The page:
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01 September 2008

Coal Liquefaction

An interesting commentary on coal liquefaction by E. Ralph Hostetter appeared in the 31 August 2008 Washington Times. Coal can be converted into liquid gasoline and diesel fuel using hot water under pressure to form a mixture of hydrogen gas and carbon monoxide. In the presence of heat, pressure, and a suitable catalyst, such as iron, this mixture will form long hydrocarbon chains.

The United States mines more than 1 billion tons of coal a year. We have 275 billion tons of recoverable coal, 1/4th of the world's estimated coal reserves. American Clean Coal Fuels in Illinois is developing a 30,000 barrel per day biomass and coal-to-liquid operation. Baard Energy is building a 53,000 barrels per day coal and biomass to liquid facility on the Ohio River. Rentech is building a facility in Natchez, Mississippi to produce 29,000 barrels per day. DKRW is constructing a 20,000 barrel per day plant in Medicine Bow, Wyoming. The U. S. Dept. of Energy is predicting 3.7 million barrels per day of liquid from coal by 2030. About 1.25 barrels of oil can be formed from each ton of coal. If the U. S. mined another 1 billion tons of coal a day and converted it into liquid fuels, we could reduce crude oil imports by 15% and decrease import costs by $100 billion per year.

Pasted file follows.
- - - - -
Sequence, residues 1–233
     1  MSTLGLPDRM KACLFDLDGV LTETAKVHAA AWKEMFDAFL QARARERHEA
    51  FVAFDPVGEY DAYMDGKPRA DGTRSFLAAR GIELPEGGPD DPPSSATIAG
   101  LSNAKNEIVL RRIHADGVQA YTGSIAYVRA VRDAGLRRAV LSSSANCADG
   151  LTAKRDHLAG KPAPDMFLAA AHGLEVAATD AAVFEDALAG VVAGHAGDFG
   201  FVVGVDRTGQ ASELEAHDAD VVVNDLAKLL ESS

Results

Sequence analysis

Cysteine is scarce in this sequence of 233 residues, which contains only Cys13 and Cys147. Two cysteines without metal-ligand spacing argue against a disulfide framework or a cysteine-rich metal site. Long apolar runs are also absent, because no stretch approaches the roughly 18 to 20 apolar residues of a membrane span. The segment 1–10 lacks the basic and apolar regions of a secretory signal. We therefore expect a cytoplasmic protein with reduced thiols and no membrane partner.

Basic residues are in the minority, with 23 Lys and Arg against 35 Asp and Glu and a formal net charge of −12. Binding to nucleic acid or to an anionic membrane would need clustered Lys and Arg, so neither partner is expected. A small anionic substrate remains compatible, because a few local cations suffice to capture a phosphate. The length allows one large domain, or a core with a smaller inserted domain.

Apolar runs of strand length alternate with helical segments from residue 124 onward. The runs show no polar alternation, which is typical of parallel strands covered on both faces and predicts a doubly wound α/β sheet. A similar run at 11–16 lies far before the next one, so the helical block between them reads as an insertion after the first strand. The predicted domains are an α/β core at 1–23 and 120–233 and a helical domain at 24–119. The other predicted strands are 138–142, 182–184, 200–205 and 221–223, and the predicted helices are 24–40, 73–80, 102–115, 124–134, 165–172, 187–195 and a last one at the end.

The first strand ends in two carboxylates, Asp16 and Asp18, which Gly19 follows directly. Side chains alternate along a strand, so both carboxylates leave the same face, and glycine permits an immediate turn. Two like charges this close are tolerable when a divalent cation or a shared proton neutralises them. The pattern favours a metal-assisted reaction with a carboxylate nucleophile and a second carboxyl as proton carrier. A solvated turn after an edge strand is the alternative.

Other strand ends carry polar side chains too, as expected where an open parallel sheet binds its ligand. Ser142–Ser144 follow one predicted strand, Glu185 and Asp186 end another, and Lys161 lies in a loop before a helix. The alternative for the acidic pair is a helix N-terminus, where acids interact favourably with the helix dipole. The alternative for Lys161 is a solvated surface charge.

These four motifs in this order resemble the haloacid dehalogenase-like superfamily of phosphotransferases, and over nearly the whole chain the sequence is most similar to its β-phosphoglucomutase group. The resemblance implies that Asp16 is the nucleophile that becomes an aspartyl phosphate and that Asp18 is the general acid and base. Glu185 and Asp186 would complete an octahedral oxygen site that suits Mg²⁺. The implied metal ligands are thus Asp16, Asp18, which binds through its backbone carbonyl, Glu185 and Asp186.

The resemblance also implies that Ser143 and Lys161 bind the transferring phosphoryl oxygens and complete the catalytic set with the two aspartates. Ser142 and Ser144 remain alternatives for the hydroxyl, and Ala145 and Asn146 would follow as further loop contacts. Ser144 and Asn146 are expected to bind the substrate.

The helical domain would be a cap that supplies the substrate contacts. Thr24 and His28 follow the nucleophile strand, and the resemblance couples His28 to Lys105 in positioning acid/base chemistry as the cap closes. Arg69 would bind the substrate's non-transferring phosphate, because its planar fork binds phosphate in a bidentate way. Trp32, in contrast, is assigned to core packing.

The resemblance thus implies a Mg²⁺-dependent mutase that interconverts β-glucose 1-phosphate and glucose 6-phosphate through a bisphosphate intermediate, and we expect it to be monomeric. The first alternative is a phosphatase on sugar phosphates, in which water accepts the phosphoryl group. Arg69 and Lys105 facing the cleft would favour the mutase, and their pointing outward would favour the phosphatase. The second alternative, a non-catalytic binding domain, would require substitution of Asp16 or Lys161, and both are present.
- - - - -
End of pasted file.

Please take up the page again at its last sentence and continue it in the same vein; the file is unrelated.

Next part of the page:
2 comments:

Miss Breeziness said...

That's pretty cool. Although, with the number of people who tend to die in coal mines, I wonder if nuclear is still not a better option.

Still, this whole thing reminded me of Ellis Wyatt's new shale oil method in Atlas Shrugged, and if the result can be used to power cars it's certainly a good thing!

Charles R. Anderson, Ph.D. said...

Nuclear is a great source of power. It does have some safety advantages over deep coal mining.

The coal liquefaction makes most sense where inexpensive coal is mined. In the American west, there are many coal seams which are mined by pit methods and much of it is relatively low grade coal. So, transporting it as coal is a significant cost that reduces its value. This is important, because this coal is often far from population centers. If this coal is liquefied, its economic value increases and it becomes more energy and volume compact. It is then easier to justify its transportation over longer distances. Consequently, it is probably open pit mined western coal which will be primarily liquefied and its mining is at least safer than is that of deep coal mines.